In today's reading of Love That Dog, we will read several poems that Miss Stretchberry shares with the class and learn what Jack thinks about these poems. I like combining the instruction of poetry with Love That Dog since the kids connect to it a bit more. Today we'll still focus on the big question of "How do readers interpret the meaning of a poem?" This is a question that can be answered on so many levels and truly takes some practice. I decided to blend the standard that asks students to determine the meanings of words and phrases with determining the theme of a poem. We won't be explicitly teaching theme here, but figuring out what the author is trying to say is planting the seed for that skill.
I like to read aloud page 2 in the novel and I usually display this page.
Could this describe how he feels about writing it AND reading it? Did you feel this way when we tried to figure out the meaning of our poems the other day?
I just like a brief discussion about his feelings to pull the kids in and help them connect.
Next we'll read page 3 and think about how Jack is feeling about this wheelbarrow poem or about poetry in general. Is Jack right? Can any words be poems?
Here are a few of my students responses.
I then use this as a way to ask them if they want to read the wheelbarrow poem. They all usually say yes because they want to see why Jack is so confused.
Provide students with The Red Wheelbarrow. My students really needs to see me modeling, so I will continue reading and thinking aloud today. When I set them free to annotate in the previous lesson, they read to the end of the poem and had nothing written. I really want my students to THINK while reading the poems and show proof of those thoughts whether right or wrong.
I say: I notice that there are 4 very short stanzas. Usually I like to stop at each stanza and think, but this seems like I may have to read a bit further. I also think it's cool that the author has three words in the first line of the stanza and one word in the second line. I wonder why he did that? So, I see that he says "so much depends up a red wheelbarrow" I'm going to stop there and just write why? Why does so much depend on a wheelbarrow? Who uses a wheelbarrow? Is this a farmer? a construction worker? Does his livelihood depend on the use of this wheelbarrow? I'll keep reading to see if my questions are answered. The rest of the poem just tells me the wheelbarrow is glazed with rain water beside some chickens. Since I know that poetry has something to do with how the poet was feeling, I have to think like the poet. I have this wheelbarrow, it has rained recently and so much depends on the wheelbarrow. I'm thinking maybe this man is a farmer and needs this wheelbarrow on his farm to get work done quickly. I know that we have machinery to do this today, so I feel like this poem was written a long time ago. I also think the author may have chosen these short simple lines to show me that something so small and simple can be so meaningful, just like the wheelbarrow.
At this point the students usually ooh and ahh about how it cool it is to find that meaning. I just make sure to think and write along the way to model the way I discover the meaning.
During guided practice, we'll pull in the poem Stopping By Woods on a Snowy Evening. This is not a poem I would let my kids work with alone or in groups. I think they could get the literal meaning, but I don't know that they would push themselves to think any deeper. Especially being so close the start of the unit. I'll let the kids help me do the thinking with this poem. We'll read and annotate together as we work through it. There are many interpretations to this poems, so you can decide how deep you want to go with it. I first want to work through the basic understanding of what is happening in the poem. The stanzas themselves are not hard to understand; the writing is pretty straightforward, so I just want to be sure I read through each stanza, get the kids' views about what might be happening, write that down and discuss. The kids could even read a stanza in groups or independently and then come together as a group to discuss, model, and ask questions to slowly hand off that responsibility.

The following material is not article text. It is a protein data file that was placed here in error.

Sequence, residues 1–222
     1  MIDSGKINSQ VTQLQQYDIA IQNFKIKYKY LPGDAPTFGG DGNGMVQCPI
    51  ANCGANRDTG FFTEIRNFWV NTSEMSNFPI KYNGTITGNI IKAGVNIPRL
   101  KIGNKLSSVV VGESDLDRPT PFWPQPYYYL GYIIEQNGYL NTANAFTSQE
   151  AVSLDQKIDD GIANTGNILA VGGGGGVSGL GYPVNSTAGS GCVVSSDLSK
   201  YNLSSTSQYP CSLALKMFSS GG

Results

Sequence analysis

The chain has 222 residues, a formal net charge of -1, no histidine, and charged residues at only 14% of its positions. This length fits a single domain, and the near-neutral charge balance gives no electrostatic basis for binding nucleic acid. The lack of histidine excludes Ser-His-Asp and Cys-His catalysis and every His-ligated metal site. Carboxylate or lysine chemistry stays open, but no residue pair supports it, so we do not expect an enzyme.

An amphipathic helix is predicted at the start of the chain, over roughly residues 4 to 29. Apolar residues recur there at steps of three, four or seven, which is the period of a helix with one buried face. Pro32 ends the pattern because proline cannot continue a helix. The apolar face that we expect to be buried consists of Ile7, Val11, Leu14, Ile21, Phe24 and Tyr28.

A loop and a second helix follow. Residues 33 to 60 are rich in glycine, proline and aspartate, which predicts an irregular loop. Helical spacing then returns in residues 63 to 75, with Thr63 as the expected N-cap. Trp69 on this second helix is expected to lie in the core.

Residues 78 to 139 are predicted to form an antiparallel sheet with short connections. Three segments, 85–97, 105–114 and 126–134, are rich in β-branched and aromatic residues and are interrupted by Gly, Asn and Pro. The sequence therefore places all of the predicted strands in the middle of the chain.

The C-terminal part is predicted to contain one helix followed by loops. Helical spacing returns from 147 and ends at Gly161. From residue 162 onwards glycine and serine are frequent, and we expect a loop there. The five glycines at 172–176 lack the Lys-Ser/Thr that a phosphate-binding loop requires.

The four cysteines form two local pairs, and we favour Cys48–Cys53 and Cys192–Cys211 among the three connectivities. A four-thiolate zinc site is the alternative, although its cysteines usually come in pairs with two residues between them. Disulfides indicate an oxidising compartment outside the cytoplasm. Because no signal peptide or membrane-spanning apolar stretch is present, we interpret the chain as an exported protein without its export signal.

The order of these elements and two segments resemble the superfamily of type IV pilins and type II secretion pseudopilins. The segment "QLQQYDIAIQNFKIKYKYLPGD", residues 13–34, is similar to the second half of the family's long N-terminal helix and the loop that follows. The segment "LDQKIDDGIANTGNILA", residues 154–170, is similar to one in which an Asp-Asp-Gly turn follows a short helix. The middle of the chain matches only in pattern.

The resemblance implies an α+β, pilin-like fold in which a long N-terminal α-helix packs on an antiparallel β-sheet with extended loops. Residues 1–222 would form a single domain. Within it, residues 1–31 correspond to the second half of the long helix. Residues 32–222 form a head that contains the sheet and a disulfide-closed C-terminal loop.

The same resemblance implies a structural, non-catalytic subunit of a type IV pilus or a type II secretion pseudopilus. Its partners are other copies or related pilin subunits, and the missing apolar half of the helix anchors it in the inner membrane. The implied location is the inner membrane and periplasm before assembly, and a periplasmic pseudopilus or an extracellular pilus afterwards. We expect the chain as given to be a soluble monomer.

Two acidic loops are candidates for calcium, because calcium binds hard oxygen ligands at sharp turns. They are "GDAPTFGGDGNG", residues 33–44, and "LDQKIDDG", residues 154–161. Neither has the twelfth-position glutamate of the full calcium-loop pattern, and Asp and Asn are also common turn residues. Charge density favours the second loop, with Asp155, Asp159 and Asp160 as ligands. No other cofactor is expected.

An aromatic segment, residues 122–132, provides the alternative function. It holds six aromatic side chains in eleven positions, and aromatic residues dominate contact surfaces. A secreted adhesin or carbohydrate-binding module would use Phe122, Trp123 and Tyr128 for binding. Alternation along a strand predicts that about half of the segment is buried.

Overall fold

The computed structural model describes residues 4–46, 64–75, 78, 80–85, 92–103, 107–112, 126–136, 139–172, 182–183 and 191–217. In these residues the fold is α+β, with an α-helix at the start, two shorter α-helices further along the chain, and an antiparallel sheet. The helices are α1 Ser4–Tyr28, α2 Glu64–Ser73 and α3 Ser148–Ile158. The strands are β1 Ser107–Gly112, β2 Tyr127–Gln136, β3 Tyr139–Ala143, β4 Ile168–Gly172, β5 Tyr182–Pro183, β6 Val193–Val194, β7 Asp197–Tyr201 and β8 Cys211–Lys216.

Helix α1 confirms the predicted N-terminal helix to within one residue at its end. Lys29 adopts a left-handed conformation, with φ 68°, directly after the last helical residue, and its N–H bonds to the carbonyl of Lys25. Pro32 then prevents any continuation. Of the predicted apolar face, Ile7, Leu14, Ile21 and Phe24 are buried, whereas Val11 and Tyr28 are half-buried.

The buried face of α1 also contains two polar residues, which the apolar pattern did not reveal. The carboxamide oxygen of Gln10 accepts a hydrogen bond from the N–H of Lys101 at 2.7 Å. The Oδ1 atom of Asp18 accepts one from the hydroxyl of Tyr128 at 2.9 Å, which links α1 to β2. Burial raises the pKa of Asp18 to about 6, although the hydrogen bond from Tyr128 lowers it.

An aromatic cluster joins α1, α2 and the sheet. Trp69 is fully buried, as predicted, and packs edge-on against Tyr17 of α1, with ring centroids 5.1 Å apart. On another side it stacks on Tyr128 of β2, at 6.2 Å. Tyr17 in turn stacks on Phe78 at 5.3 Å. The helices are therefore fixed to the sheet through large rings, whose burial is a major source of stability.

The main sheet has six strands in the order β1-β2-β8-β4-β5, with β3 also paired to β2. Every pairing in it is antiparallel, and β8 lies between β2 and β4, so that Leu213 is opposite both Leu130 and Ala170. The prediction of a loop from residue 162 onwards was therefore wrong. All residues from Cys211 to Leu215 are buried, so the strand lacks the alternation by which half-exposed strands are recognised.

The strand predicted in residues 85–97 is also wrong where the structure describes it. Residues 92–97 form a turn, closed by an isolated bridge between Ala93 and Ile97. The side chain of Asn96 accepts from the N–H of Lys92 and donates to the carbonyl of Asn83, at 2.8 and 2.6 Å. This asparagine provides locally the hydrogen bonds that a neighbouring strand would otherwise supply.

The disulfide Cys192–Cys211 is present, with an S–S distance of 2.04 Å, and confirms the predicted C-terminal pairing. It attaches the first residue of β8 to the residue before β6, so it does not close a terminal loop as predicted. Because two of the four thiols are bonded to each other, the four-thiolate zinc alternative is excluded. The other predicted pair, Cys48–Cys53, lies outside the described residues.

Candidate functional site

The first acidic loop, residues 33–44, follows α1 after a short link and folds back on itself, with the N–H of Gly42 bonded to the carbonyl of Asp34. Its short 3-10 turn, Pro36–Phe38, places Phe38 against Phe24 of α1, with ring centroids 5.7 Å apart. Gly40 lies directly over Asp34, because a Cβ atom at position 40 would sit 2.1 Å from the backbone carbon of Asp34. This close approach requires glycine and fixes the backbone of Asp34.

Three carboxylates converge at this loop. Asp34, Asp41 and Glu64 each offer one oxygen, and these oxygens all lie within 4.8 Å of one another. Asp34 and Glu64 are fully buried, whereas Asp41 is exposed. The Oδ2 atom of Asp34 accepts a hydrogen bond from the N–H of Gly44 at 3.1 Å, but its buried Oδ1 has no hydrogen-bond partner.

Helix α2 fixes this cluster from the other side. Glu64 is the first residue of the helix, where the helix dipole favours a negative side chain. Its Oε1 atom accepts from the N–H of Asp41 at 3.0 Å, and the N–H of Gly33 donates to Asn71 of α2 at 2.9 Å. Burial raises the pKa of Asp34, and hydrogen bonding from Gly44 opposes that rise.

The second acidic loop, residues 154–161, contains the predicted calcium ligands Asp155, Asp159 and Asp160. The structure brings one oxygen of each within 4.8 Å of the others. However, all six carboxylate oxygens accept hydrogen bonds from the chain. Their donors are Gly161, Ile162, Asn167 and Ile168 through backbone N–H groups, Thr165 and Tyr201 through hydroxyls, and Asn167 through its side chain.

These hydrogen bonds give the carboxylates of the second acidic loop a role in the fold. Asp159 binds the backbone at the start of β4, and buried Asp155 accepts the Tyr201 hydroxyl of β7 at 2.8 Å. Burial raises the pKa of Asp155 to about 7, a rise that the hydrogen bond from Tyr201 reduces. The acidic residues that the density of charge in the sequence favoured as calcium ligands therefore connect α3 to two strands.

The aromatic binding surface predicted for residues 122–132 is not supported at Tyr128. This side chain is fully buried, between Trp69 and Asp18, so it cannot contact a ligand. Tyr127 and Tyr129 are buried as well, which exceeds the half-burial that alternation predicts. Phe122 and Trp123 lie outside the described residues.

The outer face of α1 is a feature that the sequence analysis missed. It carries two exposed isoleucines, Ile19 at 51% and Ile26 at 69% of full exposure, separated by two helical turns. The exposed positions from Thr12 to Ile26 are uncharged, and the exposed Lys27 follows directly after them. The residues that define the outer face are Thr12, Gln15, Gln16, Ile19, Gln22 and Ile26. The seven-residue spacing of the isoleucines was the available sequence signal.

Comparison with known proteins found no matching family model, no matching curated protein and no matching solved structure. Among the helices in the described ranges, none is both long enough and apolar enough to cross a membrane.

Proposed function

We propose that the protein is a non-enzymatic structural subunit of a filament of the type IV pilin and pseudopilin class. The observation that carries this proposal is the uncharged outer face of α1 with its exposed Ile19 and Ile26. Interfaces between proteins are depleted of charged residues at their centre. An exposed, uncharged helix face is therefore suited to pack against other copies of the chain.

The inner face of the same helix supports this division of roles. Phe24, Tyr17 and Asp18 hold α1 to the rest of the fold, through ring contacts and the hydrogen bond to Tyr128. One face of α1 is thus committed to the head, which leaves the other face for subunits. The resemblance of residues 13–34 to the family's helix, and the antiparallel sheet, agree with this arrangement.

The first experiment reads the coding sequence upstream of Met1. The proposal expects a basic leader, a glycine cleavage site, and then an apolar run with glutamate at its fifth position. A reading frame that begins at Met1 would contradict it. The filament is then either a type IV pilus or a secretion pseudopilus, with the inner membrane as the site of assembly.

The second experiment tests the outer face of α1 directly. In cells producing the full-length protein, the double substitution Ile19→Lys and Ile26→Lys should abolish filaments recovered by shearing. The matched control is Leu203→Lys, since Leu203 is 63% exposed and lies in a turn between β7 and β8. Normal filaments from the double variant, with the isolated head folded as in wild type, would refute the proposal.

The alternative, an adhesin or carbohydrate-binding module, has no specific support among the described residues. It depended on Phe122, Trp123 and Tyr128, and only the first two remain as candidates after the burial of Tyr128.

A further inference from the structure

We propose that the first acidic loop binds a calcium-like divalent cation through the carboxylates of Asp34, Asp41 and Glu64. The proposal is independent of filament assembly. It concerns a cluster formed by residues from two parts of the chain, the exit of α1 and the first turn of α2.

Once we've worked our way through the basic top layer of the poem, I'm hoping that students are at the point that they expect there to be a deeper meaning. If they don't come to that conclusion themselves, you could say something like, Now I know that poetry usually has this top layer of meaning and then a deeper more thoughtful layer underneath. I know Billy Collins doesn't want me to "tie the poem up and torture a confession out of it," but I am eager and curious to know what Robert Frost was trying to get at here. Was he just chilling in the woods, telling us about what he saw? The part that is really bugging me is that he said "Miles to go before I sleep" twice at the end. That makes me feel like there may be some importance to that. Then I started thinking whose woods are these? Why does "he" live in the village, but have these woods? Sometimes in poetry the words "dark and deep" can symbolize death. Is there anyway I can know for sure what Robert Frost was thinking? What inferences can I make? Think through all of these questions and your own. Discuss students' feelings and ideas. After a good discussion of possibilities, I usually google the analysis for the kids so they can see what others have thought, but this isn't necessary.
After this discussion, just give students some time to reflect and write about these two questions: What do YOU think this poem means? Can you understand how Jack was feeling when he read the poem? Give students a few minutes to complete this processing and then have them share their thoughts.